I won't deny that even after I alerted Mark to the situation (and we decided to try again on Wednesday night) and I proceeded to get out the jack and tools and spare tire that more vulgarity escaped my lips. Some of it was undoubtedly, by some standards, blasphemous. Hey, no one was within earshot. Say what you will about profanity, but there is something innately cathartic about it. Before I even had the lugnuts off, I had already sublimated the urge to flip off the sky and was considering how, all things considered, it could have been much worse. The tire didn't blow out; I was able to get off the freeway and put on the spare on a quiet side street; it didn't happen two days ago when it was raining profusely (it was merely really windy); I was still close to home so having to return going no faster than 30 MPH would not take too long; I didn't have to get a new tire right away since I take the train to and from work during the week; the spare was even inflated. Sure, I just had a flat on the left rear tire a month and a half ago (just before my birthday--hmm... I hope this flat tire thing isn't becoming another birthday tradition...), but in the grand scheme of the universe, I'd still been very lucky.
Besides, if Fate/God/whatever was really trying to mess with me, She/He/it was really only throwing minor inconveniences at me. I ask you: Is this the sort of reaction a pessimist would have? Maybe, maybe not.
Anyway, 20 minutes later the spare was on, the flat tire (with a deep gash along the outside--not on the tread, but the round part) and jack and tools were put away, and I was on my way back home. Still, I hadn't eaten, and so instead of chicken parmesan, I had chili dogs from Weinerschnitzel. And by culinary standards, that may not have been much of a step down (depending on whether you consider O.G. to be semi-fine dining or homogenized pseudo-Italian food). If nothing else, Olive Garden distinguishes itself by not having a drive-thru.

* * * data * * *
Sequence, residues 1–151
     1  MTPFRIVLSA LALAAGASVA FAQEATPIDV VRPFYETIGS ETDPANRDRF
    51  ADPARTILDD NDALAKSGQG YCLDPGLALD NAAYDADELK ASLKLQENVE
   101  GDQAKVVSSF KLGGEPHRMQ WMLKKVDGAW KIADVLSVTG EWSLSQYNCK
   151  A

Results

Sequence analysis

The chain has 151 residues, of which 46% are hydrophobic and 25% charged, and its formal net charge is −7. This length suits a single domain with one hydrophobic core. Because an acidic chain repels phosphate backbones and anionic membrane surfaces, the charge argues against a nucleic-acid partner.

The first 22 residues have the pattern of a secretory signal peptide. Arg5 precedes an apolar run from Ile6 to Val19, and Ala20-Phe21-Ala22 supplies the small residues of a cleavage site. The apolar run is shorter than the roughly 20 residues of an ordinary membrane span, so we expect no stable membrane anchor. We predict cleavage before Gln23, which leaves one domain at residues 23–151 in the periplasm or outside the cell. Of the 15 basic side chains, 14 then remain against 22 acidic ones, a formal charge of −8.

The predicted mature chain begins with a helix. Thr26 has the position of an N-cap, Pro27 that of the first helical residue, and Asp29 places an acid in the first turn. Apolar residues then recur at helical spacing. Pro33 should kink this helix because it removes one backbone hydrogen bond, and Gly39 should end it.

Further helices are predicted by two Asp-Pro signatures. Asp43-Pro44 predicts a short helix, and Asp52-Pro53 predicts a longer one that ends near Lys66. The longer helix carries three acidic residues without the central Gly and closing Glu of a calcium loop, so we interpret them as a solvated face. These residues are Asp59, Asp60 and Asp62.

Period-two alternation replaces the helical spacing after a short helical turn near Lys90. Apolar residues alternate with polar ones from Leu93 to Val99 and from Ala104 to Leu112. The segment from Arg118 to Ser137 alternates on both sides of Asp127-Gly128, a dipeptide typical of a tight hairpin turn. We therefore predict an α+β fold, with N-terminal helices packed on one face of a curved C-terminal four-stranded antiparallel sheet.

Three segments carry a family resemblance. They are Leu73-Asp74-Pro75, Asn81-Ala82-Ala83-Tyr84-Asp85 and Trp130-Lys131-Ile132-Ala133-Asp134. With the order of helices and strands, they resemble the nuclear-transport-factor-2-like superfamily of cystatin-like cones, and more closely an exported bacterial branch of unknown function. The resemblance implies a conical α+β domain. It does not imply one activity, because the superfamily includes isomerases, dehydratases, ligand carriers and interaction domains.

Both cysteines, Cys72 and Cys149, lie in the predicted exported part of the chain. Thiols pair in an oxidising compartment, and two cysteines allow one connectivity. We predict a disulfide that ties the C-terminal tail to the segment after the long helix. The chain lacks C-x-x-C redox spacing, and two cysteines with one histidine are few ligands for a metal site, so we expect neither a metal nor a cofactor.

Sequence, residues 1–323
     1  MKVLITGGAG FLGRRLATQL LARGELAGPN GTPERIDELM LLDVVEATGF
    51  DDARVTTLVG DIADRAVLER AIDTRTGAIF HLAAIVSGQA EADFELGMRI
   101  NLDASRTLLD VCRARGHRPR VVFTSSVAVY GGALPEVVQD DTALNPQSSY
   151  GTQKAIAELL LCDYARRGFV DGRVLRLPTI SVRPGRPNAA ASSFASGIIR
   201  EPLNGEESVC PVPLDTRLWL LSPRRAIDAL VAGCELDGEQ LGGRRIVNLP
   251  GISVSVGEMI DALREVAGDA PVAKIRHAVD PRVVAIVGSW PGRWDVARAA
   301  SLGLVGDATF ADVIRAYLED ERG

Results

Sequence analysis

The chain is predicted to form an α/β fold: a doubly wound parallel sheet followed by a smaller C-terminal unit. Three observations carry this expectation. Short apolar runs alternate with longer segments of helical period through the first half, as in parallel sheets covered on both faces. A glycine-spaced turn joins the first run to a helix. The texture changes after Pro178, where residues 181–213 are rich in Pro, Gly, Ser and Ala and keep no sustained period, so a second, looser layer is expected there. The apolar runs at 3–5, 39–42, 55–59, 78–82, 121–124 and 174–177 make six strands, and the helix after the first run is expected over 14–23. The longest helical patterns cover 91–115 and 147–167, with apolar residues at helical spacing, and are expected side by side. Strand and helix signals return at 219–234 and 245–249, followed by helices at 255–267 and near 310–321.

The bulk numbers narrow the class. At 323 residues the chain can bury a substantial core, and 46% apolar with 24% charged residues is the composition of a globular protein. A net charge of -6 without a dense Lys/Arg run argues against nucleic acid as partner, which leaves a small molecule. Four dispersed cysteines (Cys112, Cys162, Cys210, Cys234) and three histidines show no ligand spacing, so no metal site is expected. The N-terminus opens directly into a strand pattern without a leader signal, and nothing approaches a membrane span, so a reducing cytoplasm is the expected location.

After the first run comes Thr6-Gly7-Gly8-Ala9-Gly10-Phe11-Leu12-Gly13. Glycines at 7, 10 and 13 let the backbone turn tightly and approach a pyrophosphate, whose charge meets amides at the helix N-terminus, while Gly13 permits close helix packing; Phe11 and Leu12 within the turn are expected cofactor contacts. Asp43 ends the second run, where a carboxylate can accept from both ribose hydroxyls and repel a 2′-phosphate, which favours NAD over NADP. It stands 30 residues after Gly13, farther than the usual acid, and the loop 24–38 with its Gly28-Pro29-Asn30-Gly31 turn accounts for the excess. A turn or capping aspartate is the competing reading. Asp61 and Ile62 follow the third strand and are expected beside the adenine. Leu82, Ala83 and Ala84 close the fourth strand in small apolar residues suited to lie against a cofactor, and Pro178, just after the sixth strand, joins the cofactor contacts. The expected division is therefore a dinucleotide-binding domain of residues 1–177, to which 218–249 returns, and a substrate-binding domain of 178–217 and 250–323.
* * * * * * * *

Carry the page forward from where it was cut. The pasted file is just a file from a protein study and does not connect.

So here's the question: If Fate/God/whatever really did hate you, how would you know it? Would She/He/it just smite you and be done with it, or would She/He/it toy with you like a cat with a mouse, dragging it out as long as possible?
As long as She/He/it keeps it interesting and keeps providing me with material, I don't really care if this is tokens of love or of hate or of just random chance... as long as I get have dinner with Mark eventually.
p.s. You were expecting something about St. Patrick's Day. Admit it. Predictability is the death of art.
p.p.s. Hey, this is kind of like art.
p.p.p.s. My friend Kathie is going in for surgery for uterine cancer on Thursday (and I have the nerve to be upset about a lousy flat tire--I know). She wouldn't want me to bring things down with anything sappy, so I'll pass along this plea from her: "Please send out good thoughts for me - to whichever deity you choose, God, Buddha, Ala, Ganesha, Ra, Zeus, [Henry Rollins]; hedging all bets here." You don't have to not buy gas or send this to 10 of your friends, just think positive thoughts for someone who deserves them. Thanks.